How to prepare for my CPA tax appointment, if I've never done bookkeeping?
So you’ve started your business- invested time and money into it that past year. May be even earned a few dollars. Well, congratulations! Welcome to Entrepreneurship! Now let’s cut to the chase.
First, let me start by saying as soon as you start earning any money in your business you will need to report to the IRS. Even if you’ve spent more than you’ve earned (which most of us do in our first year or two) our friends at Internal Revenue Service still require us to file a return. If you’re scratching your head right now, a return- is nothing more than a form telling the IRS of your business financial activities.
If all you have are a box full of receipts, bank and credit card statements, but don’t actually keep your books on any software like QuickBooks or the popular app called Freshbooks, it’s OK! But PLEASE, doing think you’re just going to deliver your shoe box full-o-receipts to your accountant and not be charged a hefty fee for your that. Oh and in case you’re wondering, yes, you CAN do your business taxes yourself, but I wouldn’t recommend it. Hire a professional; you don’t want to overlook important deductions that could benefit your business. A good CPA can not only offers their expertise on tax filing, but also can be an amazing resource when it comes to advise and making your business work for you!
Let me share with you how to prepare for your CPA appointment to reduce anxiety, headache and the big invoice at the end.
1.) Gather your receipts, bills, bank & credit card statements for the whole year.
2.) Sort the receipts into major categories like:
- Assets (Furniture, Equipment, Computer etc)
- Costs of Goods sold (Purchase of items being resold or used as a part of a product being resold)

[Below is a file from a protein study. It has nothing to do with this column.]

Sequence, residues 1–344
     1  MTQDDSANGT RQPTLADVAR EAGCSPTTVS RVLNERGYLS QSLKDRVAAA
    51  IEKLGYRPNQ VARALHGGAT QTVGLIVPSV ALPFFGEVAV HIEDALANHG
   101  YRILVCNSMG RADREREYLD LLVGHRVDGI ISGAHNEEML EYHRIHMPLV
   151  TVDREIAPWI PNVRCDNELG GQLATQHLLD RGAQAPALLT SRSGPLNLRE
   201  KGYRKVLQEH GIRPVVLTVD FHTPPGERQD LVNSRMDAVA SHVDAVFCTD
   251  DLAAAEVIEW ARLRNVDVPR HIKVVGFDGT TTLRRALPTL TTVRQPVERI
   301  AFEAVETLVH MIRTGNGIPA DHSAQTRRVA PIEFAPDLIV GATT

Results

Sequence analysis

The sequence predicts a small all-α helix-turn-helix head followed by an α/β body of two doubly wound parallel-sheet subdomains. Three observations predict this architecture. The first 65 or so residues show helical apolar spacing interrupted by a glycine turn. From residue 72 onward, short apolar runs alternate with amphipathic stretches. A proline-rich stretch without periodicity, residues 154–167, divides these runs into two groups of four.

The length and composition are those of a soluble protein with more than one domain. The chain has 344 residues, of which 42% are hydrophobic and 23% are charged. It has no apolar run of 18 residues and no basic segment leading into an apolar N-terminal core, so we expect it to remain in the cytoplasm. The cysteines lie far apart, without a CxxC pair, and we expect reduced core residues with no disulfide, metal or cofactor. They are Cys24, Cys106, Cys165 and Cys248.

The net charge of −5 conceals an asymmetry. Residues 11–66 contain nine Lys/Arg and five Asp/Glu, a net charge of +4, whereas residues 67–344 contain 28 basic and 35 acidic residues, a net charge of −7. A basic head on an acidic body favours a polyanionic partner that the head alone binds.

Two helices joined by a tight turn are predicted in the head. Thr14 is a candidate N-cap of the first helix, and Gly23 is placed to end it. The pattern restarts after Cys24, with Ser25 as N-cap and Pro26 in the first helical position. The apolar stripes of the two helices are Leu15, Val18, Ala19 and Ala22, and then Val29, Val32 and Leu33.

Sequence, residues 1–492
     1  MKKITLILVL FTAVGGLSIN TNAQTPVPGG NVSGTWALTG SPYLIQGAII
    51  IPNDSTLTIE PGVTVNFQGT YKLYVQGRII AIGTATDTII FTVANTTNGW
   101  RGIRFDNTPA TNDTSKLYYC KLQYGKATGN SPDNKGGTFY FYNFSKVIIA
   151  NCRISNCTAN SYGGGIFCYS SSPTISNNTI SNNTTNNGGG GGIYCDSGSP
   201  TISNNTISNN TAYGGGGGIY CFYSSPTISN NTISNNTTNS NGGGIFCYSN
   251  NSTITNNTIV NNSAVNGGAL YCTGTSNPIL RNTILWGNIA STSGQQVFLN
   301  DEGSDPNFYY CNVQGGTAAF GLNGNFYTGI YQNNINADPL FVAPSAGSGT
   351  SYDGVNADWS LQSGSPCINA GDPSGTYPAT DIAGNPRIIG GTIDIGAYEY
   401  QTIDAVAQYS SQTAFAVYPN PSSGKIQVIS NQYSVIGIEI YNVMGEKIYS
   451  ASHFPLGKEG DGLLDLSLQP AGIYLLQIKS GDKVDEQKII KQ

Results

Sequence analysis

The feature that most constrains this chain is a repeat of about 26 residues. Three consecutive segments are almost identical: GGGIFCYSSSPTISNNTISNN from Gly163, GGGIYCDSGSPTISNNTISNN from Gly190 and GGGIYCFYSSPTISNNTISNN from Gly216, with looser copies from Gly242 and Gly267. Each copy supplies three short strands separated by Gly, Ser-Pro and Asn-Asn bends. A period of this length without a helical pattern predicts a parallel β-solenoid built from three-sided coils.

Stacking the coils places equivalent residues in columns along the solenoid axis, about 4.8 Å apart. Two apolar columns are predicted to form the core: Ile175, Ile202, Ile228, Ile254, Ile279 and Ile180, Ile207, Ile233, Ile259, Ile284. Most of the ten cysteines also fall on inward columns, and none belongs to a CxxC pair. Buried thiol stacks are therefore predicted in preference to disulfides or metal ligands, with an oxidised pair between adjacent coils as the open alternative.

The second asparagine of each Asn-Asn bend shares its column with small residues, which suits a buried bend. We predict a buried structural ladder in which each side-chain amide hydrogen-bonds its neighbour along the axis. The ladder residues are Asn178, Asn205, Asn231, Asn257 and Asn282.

- Marketing/Promotion (Biz cards, Logo Design, Website, Hosting, Advertising etc)
- Other expenses (Office supplies, Uniforms, Professional services etc)
Make a list of these categories and TOTAL them up. I repeat TOTAL UP THE RECEIPTS in each category. YOU do this work if you want to keep your costs down with your accountant. Also, go through your bank statements and credit cards and highlight all the business expenses and jot one of the category titles from the list above next to each highlighted charge. (This will make it easier to go through and total these up by category as well). It’s recommended that you keep a separate bank account and if necessary a line of credit for the business. But if you are using personal funds and credit to pay for business expenses go through statements to make sure you haven’t missed any purchases you might have lost a receipt for.
3.) Total up your Income (this includes all funds collected for selling products or providing services within your business).
4.) If you’ve borrowed funds or have taken loans for your business, note the balances on these as well.
Your CPA doesn’t need to see receipts (you keep those for your records in case of an audit) he will usually just require a Profit and Loss statement (otherwise referred to as an Income Statement). You can create a simple one by listing the totals of each expense category and totals of all income. And he/she will likely want to see your last bank statement of the year and the value of assets should the business own any.